In Search Of

{NOTE: This was the introduction to an essay I wrote for “Free,” an exhibition at the New Museum that opened in October 2010. It was published on the show’s online catalog, which the museum has since deleted}

In 2009, Microsoft launched an ad campaign to promote its search engine, Bing. One commercial starts with a blonde complaining about her meal at a sidewalk cafe: “We really need to find a new place for breakfast.” “The Breakfast Club,” her redheaded companion shoots back, “a 1985 cult classic starring members of the Brat Pack.” “What?” Cut to an electronics store. “So do we want an LCD or plasma?” a shopper wonders. His son pipes up: “Plasma is an ionized gas.” Cut to a line at an airport check-in counter. A traveler says to his friend: “Next time we gotta find cheaper tickets.” Glassy-eyed, the friend recites: “Cheap skate. Cheap thrills.” Each vignette resumes. Back at the cafe, the blonde insists: “Seriously, we need a new place to eat.” “Eat lead, eat my dust,” the redhead hisses. She pounds the table and shouts: “Man-eating shark!” A passer-by hailing a taxi chimes in: “Wolf spiders eat their young.” “Plasma cutter,” the electronics-store salesman says. “Tetro plasma,” replies the customer’s son. “Blood plasma,” adds a bystander. At the airport, the wide-eyed tourist says “theater tickets,” another man in line says “raffle tickets,” and over the airport’s PA system a check-in agent intones: “I’ve got two tickets to paradise, won’t you pack your bags and leave tonight.” Cuts quicken, and in each location more strangers extend the chains of association. Discrete vignettes dissolve in a shuffle of shots as absurd conversations become indistinct chatter. Silence. “What has search overload done to us?” Microsoft asks against a black screen. Bing, we’re told, is “not just a search engine, it’s the first-ever decision engine.”

The unnamed culprit is Google. Its search engine, to be fair, is not so bad. But as the most commonly used, it is also most commonly associated with the pitfalls of applying Boolean search to a database as irregular as the World Wide Web. Before last year, Google allocated nearly nothing to advertising, because of its founders’ twin faiths in free-market meritocracy and the internet’s viral gravity. But in 2009, Google purchased airtime during the Superbowl for a commercial called “Parisian Love.” The ad tells a sugary boy-meets-girl story entirely in Google searches. The invisible hero enters “study abroad paris” and selects a program from the results. Google corrects the spelling of his query “cafes near the louve” and returns a map. Amid cafe noises, we hear a Frenchwoman say: “tu es tres mignon.” Google translates: “you are very cute.” With the help of searches, the hero of “Parisian Love” finds things to talk about with his new girlfriend, a job in Paris to be near her, a church to marry her in, and instructions on assembling a crib for their child.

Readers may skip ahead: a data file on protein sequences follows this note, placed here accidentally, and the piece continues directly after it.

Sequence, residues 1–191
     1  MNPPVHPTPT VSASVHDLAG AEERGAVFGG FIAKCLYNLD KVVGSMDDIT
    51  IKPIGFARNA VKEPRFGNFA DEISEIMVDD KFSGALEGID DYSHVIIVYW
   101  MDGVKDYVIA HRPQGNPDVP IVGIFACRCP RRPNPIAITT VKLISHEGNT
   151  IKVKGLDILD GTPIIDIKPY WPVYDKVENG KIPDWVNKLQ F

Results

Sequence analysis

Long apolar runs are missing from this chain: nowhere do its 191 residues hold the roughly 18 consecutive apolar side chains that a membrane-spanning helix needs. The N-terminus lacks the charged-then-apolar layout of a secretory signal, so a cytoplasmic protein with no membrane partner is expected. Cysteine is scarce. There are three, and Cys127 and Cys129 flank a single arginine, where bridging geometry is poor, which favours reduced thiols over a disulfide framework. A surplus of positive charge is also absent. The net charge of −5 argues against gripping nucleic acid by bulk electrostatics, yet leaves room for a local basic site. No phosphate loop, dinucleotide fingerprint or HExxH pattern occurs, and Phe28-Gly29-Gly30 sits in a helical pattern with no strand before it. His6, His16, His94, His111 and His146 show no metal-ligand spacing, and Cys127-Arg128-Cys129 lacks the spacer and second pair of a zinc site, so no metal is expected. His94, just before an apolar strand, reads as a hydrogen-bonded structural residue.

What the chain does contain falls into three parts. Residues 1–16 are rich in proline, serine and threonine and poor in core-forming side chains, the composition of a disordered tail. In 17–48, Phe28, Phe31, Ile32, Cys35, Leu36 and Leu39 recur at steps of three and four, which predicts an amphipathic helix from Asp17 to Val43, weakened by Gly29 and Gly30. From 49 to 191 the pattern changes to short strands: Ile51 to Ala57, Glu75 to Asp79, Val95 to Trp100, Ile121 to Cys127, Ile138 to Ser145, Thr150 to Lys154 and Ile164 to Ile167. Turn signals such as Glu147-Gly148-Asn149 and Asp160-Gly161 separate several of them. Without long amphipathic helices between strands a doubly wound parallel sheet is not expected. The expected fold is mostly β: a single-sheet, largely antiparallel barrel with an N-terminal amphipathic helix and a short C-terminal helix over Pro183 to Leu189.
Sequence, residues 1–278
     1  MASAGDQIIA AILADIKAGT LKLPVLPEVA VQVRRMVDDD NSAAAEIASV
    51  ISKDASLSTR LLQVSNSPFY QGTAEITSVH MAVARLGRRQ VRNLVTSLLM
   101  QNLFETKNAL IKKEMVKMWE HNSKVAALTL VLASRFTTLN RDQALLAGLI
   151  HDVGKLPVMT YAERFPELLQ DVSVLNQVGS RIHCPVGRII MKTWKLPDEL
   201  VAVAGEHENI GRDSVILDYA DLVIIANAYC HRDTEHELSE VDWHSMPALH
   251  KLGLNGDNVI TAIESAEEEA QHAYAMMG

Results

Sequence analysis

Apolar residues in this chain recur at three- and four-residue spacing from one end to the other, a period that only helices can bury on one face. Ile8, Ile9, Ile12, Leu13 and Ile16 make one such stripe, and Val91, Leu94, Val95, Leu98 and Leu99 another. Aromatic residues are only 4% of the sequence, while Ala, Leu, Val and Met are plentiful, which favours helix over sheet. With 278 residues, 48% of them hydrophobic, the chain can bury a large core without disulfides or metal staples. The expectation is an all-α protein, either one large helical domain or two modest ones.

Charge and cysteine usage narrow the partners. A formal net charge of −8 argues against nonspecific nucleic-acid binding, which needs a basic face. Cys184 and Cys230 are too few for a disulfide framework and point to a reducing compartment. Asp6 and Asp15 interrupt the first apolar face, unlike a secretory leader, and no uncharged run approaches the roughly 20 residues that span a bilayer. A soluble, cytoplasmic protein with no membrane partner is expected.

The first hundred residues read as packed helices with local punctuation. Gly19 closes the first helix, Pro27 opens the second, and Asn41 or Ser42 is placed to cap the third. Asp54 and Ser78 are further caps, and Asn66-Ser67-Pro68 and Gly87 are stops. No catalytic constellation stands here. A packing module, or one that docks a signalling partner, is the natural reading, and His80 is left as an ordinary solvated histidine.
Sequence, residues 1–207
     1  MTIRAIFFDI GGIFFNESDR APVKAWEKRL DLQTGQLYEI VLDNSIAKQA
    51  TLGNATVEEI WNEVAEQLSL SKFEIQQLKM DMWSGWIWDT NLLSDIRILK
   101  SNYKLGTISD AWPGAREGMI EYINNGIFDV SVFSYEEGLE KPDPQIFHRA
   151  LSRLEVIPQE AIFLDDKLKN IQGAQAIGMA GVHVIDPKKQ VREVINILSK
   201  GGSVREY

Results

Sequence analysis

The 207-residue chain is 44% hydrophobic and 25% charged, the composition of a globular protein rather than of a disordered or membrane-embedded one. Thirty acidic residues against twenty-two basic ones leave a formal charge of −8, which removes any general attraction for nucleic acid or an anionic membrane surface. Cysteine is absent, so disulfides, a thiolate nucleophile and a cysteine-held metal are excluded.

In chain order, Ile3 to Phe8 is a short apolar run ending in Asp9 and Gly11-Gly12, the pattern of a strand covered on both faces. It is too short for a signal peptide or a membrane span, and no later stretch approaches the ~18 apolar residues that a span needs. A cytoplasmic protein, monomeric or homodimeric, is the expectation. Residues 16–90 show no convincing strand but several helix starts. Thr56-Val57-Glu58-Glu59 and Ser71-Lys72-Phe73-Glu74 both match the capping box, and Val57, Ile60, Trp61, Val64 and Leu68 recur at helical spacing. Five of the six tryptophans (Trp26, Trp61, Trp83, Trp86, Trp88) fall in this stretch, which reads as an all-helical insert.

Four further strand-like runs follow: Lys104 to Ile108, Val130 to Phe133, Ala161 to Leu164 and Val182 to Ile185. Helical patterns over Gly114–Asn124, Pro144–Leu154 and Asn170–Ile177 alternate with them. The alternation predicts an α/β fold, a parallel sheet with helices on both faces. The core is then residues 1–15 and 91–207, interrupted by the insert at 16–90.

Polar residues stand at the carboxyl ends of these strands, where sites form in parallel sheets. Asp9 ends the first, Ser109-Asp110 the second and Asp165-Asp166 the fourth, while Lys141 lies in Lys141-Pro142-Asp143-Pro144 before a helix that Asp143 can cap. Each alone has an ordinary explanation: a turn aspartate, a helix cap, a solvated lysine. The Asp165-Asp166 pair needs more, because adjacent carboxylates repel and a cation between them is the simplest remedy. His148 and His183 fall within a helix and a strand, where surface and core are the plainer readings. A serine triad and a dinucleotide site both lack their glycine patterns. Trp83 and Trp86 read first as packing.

Was “Parisian Love” conceived as a riposte to Microsoft’s “Search Overload”? I don’t know, but the polarity of the two is so extreme, it’s funny. The Bing commercial dramatizes web search as an attempt at straightforward communication thwarted by non-sequitur interjections. It smartly exploits popular discomfort with search engines’ departure from natural language—the way Boolean search excises articles and syntax from queries to leave a jumble of decontextualized nouns, vulnerable to multiple interpretations. To great effect, the ad links the fragility of isolated words to the porous social boundaries of the internet. The strangers butting in with useless nonsense are farcical distortions of fears that a foray online might put you in touch with a MySpace predator or a Cragislist killer. The Google commercial romanticizes randomness. For all the quiet reminders of the search engine’s precision—corrections of misspelled phrases (even foreign ones), the return of a flight’s arrival time to a query giving the flight number alone—it is a tale of serendipity and spontaneity. In the Microsoft ad, language is a source of frustration. Ambiguities and proliferous associations harass the speakers. But for Google’s hero, language is the medium by which he contacts his spirit guide. He enters “churches in paris,” then picks Paroisse Saint Leon for his wedding; the telescoping movement from general to particular is like a dream come true.

Bing promises access to goods and services, Google—to life and love. Different as the two ads are, both map desires and anxieties onto language as it is used in a software application. Their success speaks to the search engine’s position in the public imagination: Can you imagine an equally affecting ad for PowerPoint? Neither commercial attempts to explain how the collective experience of the search engine affects individual ones, how the companies collect queries and clicks and use them to plan improvements. Instead, they make you wonder: Can my needs be conveyed in a handful of nouns? Am I feeling lucky?

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